An international team of scientists from Nanyang Technological University, Singapore (NTU Singapore) and Waseda University in Japan have found that fermented soybean waste, or okara, could improve fat metabolism and mitigate effects of diet-induced obesity.
Through laboratory experiments reported in the peer-reviewed scientific journal Metabolites in February, the scientists from NTU Singapore and Waseda showed that mice on a high fat diet supplemented with fermented okara gained less body mass and had lower levels of fat and cholesterol after three weeks as compared to mice on the same diet but not fed any fermented okara.
With 14 million tonnes of okara generated every year, and nearly a third of the world’s population overweight or obese, the scientists hope their findings can pave the way for fermented okara to be integrated into health foods one day, addressing the problems of food waste and obesity at the same time.
Dr Ken Lee, senior lecturer at the NTU School of Physical and Mathematical Sciences and co-lead author of the paper, said: “Using a process akin to what is used to produce miso and soy sauce, we fermented okara and fed it to mice on a high-fat diet. Three weeks later, we found that these mice gained less weight as compared to mice on a high-fat diet but without fermented okara. The mice that were fed fermented okara also had less fat and lower cholesterol levels.
“Our findings suggest that fermented okara could help to mitigate the harmful effects of a high-fat diet, and could potentially be integrated in the diets of obese patients who find it difficult to make immediate lifestyle changes.”
Dr Shigenobu Shibata, Professor at the Waseda University Graduate School of Advanced Science and Engineering and co-lead author of the paper, said: “Aspergillus oryzae and Aspergillus sojae, whichare typical aspergillus fungi used to produce soy sauce and miso, were successfully combined to ferment okara. Compared to unfermented okara, fermented okara was found to be able to reduce obesity and improve abnormal lipid metabolism in mice. Tofu and soymilk are now widely accepted as health foods not only in Japan but in the world, and the effective use of okara, which is an industrial waste, is in line with the United Nations Sustainable Development Goals. I hope NTU and Waseda University, each with their unique strength, will continue to promote such joint research centred on graduate students and young researchers.”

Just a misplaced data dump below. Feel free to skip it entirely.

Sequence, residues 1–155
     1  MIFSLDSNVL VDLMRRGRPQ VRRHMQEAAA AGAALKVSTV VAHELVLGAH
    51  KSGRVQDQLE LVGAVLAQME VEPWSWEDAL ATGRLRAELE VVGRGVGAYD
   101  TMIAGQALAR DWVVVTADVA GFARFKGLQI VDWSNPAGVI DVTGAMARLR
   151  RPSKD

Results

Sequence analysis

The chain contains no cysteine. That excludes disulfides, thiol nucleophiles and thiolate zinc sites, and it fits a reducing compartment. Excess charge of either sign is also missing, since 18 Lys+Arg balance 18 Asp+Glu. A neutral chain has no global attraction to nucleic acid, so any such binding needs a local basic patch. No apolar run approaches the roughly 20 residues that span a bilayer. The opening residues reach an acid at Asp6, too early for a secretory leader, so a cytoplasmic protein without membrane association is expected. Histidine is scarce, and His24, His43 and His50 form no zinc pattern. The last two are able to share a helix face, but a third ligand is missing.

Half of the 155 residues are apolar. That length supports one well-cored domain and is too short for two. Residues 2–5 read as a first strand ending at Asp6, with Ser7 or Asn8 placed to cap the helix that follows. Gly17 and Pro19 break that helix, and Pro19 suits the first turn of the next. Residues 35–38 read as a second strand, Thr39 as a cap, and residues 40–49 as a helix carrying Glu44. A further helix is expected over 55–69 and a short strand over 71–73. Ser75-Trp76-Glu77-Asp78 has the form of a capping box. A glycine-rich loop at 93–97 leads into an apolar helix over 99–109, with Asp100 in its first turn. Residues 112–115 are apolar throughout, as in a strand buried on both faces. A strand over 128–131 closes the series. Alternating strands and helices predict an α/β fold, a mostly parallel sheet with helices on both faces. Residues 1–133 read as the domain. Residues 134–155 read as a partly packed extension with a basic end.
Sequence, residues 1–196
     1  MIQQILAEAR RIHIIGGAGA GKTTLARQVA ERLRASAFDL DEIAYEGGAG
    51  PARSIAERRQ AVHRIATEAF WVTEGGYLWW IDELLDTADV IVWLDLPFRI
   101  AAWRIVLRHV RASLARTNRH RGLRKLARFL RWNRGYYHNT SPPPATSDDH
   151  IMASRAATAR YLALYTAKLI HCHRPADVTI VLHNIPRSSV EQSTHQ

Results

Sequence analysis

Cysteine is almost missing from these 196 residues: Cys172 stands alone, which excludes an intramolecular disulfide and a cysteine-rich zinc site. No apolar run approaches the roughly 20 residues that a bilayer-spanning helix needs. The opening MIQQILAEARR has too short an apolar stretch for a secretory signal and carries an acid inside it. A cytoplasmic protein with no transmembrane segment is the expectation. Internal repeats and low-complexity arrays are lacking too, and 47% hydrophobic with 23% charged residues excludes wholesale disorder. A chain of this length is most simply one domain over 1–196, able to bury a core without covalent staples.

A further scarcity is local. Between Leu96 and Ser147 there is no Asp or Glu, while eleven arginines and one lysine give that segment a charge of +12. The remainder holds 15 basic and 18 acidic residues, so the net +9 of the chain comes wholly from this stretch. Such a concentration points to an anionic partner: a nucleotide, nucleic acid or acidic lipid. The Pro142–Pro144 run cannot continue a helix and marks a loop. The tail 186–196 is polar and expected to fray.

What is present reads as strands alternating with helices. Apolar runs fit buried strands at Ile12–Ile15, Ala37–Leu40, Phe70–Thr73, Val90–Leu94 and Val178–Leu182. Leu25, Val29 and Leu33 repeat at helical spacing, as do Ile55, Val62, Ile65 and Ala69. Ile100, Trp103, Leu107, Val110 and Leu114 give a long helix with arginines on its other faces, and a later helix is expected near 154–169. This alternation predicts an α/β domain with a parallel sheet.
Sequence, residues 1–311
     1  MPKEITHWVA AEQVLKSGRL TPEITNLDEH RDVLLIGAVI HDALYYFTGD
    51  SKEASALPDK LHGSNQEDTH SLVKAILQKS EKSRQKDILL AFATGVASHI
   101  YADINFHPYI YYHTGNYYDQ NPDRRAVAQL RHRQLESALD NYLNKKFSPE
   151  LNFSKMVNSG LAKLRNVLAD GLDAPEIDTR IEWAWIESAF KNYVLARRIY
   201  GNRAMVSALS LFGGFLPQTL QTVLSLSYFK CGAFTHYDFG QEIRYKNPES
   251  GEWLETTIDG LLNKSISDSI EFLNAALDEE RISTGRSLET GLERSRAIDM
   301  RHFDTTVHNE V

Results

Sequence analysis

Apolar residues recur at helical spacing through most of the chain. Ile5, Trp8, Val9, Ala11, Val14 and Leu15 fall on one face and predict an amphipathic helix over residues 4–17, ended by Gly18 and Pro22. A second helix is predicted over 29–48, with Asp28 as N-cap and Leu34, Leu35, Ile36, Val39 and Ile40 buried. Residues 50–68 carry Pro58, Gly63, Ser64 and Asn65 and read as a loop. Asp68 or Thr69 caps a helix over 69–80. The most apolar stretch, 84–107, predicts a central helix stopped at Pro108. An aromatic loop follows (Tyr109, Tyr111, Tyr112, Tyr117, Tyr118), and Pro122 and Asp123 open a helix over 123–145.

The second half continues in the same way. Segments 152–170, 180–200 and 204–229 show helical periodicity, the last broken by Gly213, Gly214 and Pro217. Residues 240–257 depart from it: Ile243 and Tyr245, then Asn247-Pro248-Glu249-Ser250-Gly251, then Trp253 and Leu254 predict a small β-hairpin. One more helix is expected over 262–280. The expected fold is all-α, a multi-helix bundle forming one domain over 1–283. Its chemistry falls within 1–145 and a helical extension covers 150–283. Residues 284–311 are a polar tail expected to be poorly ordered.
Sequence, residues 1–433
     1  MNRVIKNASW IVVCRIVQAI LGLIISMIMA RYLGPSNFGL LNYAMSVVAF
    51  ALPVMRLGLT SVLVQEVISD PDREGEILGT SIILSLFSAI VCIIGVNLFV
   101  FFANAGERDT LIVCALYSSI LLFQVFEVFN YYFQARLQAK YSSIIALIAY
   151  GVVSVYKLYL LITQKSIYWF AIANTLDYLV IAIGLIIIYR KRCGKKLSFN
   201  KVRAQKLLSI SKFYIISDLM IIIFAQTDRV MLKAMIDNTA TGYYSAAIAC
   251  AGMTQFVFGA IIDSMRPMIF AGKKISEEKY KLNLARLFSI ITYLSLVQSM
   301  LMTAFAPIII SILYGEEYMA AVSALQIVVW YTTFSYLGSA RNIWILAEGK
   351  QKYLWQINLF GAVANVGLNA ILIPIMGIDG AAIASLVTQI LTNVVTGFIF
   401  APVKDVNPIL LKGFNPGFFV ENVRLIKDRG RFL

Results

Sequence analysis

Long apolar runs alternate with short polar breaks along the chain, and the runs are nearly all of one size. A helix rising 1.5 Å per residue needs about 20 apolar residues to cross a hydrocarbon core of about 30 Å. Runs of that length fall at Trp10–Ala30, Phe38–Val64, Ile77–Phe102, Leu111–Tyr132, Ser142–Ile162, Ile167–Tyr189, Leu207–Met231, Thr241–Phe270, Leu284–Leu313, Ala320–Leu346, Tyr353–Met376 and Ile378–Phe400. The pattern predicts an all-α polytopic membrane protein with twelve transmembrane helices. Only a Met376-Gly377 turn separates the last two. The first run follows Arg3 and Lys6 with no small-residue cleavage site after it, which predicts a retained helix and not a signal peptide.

The okara study supports the goals of the NTU 2025 five-year strategic plan, which prioritises the University’s commitment to sustainability, as well as its focus on health and society as one of the research clusters with potential for significant intellectual and societal impact.
Enhancing okara’s nutrition
To enhance the nutritional profile of okara, the research team from NTU and Waseda first fermented okara collected from a Singapore beancurd manufacturer using a process traditionally used in Asian countries to make fermented soybean food products such as miso, soy sauce, and tempeh.
Enhancing the nutritional profile of okara increases its potential as a desirable ingredient in the human diet, the scientists explained.
For this study, the team added a mix of Aspergillus oryzae (A. oryzae) and Aspergillus sojae (A. sojae) — food-grade microbes — to okara and left it to ferment in the dark at 25°C for four days.
Compared to unfermented okara, the scientists found that fermented okara had more protein and a higher total phenolic content — an indication of higher antioxidant properties — and less insoluble dietary fibre.
Fermented okara improves fat metabolism
The scientists then investigated the anti-obesity effects of fermented okara on mice put on a three-week high fat diet compared to mice put on three other types of diet: a normal diet, a high-fat diet, and a diet supplemented with unfermented okara.
At the end of three weeks, mice that were fed fermented okara every day gained the least body mass (3g) as compared to other three groups of mice that gained between 6g to 10g.
The mice that were fed fermented okara also had less visceral and subcutaneous fat (30g and 19g respectively) than mice on a high-fat diet without any fermented okara (67g and 53g respectively).
The scientists also found lower triglyceride and cholesterol levels in mice on a fermented okara-supplemented diet compared to those without. Triglycerides are a type of fat in the blood that has been linked to an increased risk of heart disease.
Further investigation revealed that the reduction in triglycerides was in part due to a significant dip in proteins involved in fatty acid synthesis.
These findings indicate the fermented okara’s potential to suppress diet-induced obesity, said the scientists.
The study builds on the NTU-Waseda team’s earlier research on other uses for okara. For instance, the scientists showed that fermented okara could help to bring down blood sugar levels. They have also worked with a local brewery to integrate okara into modern dishes.
Working with collaborators in Singapore, the NTU team has also successfully repurposed okara into an eco-friendly 3D-printing ink, highlighting the potential use of 3D food printing to improve food sustainability.
The NTU-Waseda team is now reaching out to industry partners to translate this work into healthy snacks and exploring how it can be integrated into other food products.
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